Can (any) human cells learn?

Can (any) human cells learn?

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I'm not talking about single celled organisms, but actual cells in your body. Is there any evidence that they can learn to, say, navigate an environment or avoid an aversive stimulus like an animal could? Is their behaviour understood well enough to say that it's entirely mechanistic, or are there things we still don't know?

For this specific question, let's divide the cells into two categories:

Cells that rarely "navigate" are the cells that are connected to give the tissue its mechanical properties. How do these avoid an "adverse stimulus"? Well, they don't avoid it. But if that stimulus "harms" cells they react in some way:

  • if the cell is destructed by the pathogen, it will release chemical compounds that have chemotactic properties and attract specialized cells.
  • if the pathogen has intracellular tropism, the cell may release some chemical compounds (see interferon) to "alert" other cells that something is wrong. Most cells can also present antigens on their surface.
  • there are also some stimuli which change cellular life cycle turning cells into cancerous cells. These cells can gain excretory properties and produce substances that destroy intercellular jonctions. This is how metastases occur.

Cells that "navigate" are the blood cells. White blood cells respond to different kind of stimuli (chemical) in two ways: either they are attracted (by inflammatory cytokines for example) either they are repelled. Macrophages are attracted by cytokines released when a pathogen agent triggers inflammatory response. They "ingest" that pathogen through phagocytosis and expose some parts of it (the antigens) on their surface receptors. This stimulates lymphocytes which process that antigen and decide if it is self or non-self. If it is non-self, they stimulate proliferation of specialized cells against that antigen. Another type of blood cells, the platelets, although they have no nucleus, have interesting properties: they can adhere to the broken endothelium where they change shape and start to produce different chemical mediators.

Read more on:

  • Wikipedia contributors, "Chemotaxis," Wikipedia, The Free Encyclopedia, (accessed June 28, 2014).
  • Wikipedia contributors, "Interferon," Wikipedia, The Free Encyclopedia, (accessed June 28, 2014).
  • Wikipedia contributors, "Adaptive immune system," Wikipedia, The Free Encyclopedia, (accessed June 28, 2014).
  • Wikipedia contributors, "Platelet," Wikipedia, The Free Encyclopedia, (accessed June 28, 2014).

What Color Are Our Cells? Kids' Biology Questions Answered

During a live online chat dubbed "Cell Day," scientists at the National Institutes of Health recently fielded questions from middle- and high-school students across the country about the cell and careers in research. Here's a sampling of the questions and answers.

How many different types of cells are there?

Your body contains trillions of cells, organized into more than 200 major types.

Do all cells have the same structure?

No. Different cells have different functions and different sizes and shapes. For example, red blood cells are round in the normal state, while nerve cells are very elongated. Some bacterial cells have flagella for movement, some cells are large (such as mammalian egg cells), and others are much smaller (such as sperm cells).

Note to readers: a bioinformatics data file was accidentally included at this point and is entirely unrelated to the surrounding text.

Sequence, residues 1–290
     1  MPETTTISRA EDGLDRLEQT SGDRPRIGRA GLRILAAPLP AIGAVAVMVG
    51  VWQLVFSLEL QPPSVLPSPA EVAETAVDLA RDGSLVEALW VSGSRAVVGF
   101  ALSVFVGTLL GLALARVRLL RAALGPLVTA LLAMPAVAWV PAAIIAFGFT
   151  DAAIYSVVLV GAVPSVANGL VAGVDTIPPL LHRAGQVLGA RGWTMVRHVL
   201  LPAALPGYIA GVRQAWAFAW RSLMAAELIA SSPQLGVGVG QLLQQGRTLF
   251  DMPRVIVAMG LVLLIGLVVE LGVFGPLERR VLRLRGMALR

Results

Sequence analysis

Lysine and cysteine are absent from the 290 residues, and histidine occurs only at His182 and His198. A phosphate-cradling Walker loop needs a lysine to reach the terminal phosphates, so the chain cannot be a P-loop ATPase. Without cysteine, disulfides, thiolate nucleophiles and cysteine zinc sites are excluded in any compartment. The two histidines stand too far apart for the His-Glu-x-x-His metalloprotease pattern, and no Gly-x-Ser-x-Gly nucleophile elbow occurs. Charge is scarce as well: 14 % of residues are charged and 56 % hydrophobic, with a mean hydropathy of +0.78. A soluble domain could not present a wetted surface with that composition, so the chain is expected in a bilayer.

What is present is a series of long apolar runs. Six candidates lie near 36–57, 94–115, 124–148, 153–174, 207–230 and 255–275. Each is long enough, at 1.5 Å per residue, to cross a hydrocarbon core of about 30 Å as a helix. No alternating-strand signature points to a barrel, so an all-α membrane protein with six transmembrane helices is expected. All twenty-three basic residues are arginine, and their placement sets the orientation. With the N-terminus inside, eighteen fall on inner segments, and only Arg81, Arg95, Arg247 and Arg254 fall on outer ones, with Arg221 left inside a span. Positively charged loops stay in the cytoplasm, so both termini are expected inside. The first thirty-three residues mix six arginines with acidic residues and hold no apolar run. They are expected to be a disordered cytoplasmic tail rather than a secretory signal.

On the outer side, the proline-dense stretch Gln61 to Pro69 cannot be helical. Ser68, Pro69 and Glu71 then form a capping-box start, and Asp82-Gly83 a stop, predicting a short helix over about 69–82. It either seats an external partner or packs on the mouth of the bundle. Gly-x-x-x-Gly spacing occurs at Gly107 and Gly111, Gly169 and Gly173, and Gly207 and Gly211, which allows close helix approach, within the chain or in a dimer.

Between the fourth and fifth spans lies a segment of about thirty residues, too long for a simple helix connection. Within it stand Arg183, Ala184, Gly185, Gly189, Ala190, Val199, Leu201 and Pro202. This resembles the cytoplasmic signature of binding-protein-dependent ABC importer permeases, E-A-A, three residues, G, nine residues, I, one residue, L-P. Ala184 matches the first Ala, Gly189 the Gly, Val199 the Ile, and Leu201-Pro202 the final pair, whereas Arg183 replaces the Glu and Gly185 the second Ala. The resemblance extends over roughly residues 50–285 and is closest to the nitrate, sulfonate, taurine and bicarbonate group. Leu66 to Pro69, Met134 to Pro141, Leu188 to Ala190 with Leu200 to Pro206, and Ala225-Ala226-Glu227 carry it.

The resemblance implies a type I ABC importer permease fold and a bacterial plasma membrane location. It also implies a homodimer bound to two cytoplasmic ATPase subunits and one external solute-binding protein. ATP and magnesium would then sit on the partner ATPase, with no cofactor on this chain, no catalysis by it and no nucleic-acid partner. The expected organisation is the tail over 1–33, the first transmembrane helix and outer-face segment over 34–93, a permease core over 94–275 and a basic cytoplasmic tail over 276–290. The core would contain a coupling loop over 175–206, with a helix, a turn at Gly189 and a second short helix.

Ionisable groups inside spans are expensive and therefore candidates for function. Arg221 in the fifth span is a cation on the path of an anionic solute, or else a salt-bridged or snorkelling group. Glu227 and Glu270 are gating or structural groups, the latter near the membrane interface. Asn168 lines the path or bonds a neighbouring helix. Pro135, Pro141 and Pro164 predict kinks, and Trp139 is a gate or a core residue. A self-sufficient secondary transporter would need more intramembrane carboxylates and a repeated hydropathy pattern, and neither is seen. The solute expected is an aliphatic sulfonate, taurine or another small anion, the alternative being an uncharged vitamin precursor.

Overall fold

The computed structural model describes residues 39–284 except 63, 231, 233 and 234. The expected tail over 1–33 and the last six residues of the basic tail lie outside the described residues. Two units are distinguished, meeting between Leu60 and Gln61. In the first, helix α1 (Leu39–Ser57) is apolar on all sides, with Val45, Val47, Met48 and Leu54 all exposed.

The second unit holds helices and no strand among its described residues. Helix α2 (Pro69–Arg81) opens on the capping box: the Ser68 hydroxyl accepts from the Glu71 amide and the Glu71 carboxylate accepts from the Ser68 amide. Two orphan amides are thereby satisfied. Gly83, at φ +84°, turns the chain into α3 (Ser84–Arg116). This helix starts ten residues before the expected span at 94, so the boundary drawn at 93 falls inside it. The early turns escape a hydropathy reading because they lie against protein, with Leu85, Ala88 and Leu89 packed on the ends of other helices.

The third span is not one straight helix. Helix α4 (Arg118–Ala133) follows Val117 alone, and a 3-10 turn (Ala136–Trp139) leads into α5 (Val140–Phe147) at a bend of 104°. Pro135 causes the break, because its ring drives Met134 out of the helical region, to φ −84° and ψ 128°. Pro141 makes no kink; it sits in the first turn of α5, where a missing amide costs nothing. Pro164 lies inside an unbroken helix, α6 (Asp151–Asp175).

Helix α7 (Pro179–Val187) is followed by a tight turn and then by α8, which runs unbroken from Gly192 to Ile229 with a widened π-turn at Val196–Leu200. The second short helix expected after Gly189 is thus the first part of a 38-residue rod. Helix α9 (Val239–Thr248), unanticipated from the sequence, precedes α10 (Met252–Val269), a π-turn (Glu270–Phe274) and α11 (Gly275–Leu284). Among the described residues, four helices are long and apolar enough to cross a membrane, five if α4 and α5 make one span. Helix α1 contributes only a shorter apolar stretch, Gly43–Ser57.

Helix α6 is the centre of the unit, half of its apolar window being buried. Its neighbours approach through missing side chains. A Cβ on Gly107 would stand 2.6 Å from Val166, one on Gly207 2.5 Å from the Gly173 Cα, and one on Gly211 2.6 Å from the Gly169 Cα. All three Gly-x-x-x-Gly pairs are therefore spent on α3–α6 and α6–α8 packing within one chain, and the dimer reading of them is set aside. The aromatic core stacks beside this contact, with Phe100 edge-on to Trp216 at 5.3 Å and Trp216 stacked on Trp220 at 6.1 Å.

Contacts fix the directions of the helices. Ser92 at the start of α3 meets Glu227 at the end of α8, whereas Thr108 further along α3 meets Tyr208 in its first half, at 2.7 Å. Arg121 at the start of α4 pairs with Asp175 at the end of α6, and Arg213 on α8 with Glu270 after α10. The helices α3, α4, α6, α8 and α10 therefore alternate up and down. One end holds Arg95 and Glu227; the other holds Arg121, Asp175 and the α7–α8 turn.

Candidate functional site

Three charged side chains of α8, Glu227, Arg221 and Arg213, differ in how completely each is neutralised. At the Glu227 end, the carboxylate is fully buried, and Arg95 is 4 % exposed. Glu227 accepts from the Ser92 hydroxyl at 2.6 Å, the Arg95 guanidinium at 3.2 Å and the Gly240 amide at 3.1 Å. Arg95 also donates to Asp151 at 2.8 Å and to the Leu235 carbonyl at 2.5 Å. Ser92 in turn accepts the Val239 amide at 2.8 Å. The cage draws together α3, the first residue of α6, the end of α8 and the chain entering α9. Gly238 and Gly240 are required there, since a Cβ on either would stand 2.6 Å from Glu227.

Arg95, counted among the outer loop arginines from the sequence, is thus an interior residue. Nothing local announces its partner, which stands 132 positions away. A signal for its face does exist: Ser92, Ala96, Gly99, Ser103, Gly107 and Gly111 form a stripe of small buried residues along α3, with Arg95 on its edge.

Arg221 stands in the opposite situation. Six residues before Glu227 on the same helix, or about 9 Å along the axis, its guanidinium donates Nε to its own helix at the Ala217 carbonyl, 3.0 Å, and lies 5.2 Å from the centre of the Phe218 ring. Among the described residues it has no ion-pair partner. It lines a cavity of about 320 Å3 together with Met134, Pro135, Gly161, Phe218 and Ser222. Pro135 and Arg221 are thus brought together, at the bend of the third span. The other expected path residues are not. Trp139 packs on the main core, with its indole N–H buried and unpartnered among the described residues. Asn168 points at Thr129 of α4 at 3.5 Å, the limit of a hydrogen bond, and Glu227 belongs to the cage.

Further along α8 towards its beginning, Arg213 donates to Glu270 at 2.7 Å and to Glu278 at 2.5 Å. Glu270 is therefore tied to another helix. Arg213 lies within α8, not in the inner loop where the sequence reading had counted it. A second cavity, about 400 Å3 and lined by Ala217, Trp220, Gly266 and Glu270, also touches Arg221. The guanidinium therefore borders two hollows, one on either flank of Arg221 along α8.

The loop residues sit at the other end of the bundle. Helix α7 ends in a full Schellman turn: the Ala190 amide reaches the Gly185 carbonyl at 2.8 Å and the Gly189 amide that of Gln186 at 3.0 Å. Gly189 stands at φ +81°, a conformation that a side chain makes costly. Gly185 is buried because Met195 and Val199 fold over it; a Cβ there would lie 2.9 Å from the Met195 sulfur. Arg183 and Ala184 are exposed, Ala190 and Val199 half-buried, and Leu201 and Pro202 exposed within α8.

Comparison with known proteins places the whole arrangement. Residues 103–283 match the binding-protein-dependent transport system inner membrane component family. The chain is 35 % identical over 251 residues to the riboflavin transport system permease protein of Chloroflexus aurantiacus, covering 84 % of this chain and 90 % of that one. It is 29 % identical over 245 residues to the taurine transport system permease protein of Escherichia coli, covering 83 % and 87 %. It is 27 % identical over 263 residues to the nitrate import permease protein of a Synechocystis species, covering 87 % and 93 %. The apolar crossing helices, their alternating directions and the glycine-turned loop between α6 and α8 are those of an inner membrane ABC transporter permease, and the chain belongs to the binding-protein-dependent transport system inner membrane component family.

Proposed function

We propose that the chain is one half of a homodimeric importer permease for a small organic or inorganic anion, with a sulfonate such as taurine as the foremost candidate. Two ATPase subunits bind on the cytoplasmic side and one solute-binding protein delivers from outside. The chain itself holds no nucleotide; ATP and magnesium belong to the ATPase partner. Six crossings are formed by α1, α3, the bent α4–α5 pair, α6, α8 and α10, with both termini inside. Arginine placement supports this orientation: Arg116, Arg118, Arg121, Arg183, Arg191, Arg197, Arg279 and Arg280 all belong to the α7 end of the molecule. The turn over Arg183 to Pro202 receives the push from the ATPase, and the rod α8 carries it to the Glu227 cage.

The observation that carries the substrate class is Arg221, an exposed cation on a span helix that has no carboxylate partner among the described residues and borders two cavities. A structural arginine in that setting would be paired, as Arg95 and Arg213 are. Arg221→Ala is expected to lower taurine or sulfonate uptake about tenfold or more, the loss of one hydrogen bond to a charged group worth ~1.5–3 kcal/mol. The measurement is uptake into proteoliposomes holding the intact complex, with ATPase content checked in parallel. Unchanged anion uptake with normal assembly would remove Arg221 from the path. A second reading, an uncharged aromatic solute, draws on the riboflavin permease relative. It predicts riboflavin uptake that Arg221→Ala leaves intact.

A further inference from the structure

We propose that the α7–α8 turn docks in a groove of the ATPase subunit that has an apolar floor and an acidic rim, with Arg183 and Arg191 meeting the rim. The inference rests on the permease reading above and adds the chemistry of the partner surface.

Are cells specific colors or can they be any color?

In nature, most cells are transparent and without color. Animal cells that have a lot of iron, like red blood cells, are deep red. Cells that contain the substance melanin are often brown. It is the absence of melanin that makes eyes blue. Scientists have tricks for making different parts of cells glow with fluorescent dyes. These colors are artificial, but beautiful.

If cells make up us, what makes up cells?

Cells are made of organic molecules, such as lipids, carbohydrates, nucleotides and amino acids. The cell uses chemical energy to make polymers of these molecules, for example to make DNA and RNA strands from nucleotides and proteins from amino acids. Cells also contain inorganic molecules, such as salt and metals in small amounts, and lots of water, too.

Is it possible for an animal cell to "spring a leak" and, if so, how would they repair themselves?

Cells need to regulate the passage of molecules into and out of the cell. This process is normally under tight control. However, there can be circumstances that cause the cell to become "leaky" (e.g., disruption of the balance in the concentration of molecules inside and outside the cell). Some of these problems can be corrected by the cell, but too much leakage is fatal.

How long do cells live?

It depends. The cells that line your digestive system turn over very rapidly. Brain cells last a very long time. In fact, scientists thought that once our brain finished growing, the cells we start with are the only ones we'll ever have. Over the past few years, scientists have figured out that brain cells do get replaced. This has changed the way we think about the potential of the brain to recover from some kinds of injuries or illnesses.

If an organism dies, do all of its cells immediately die too?

No, some cells such as those in hair cells live on for a while after a person dies. Other cells that continue include fingernail cells.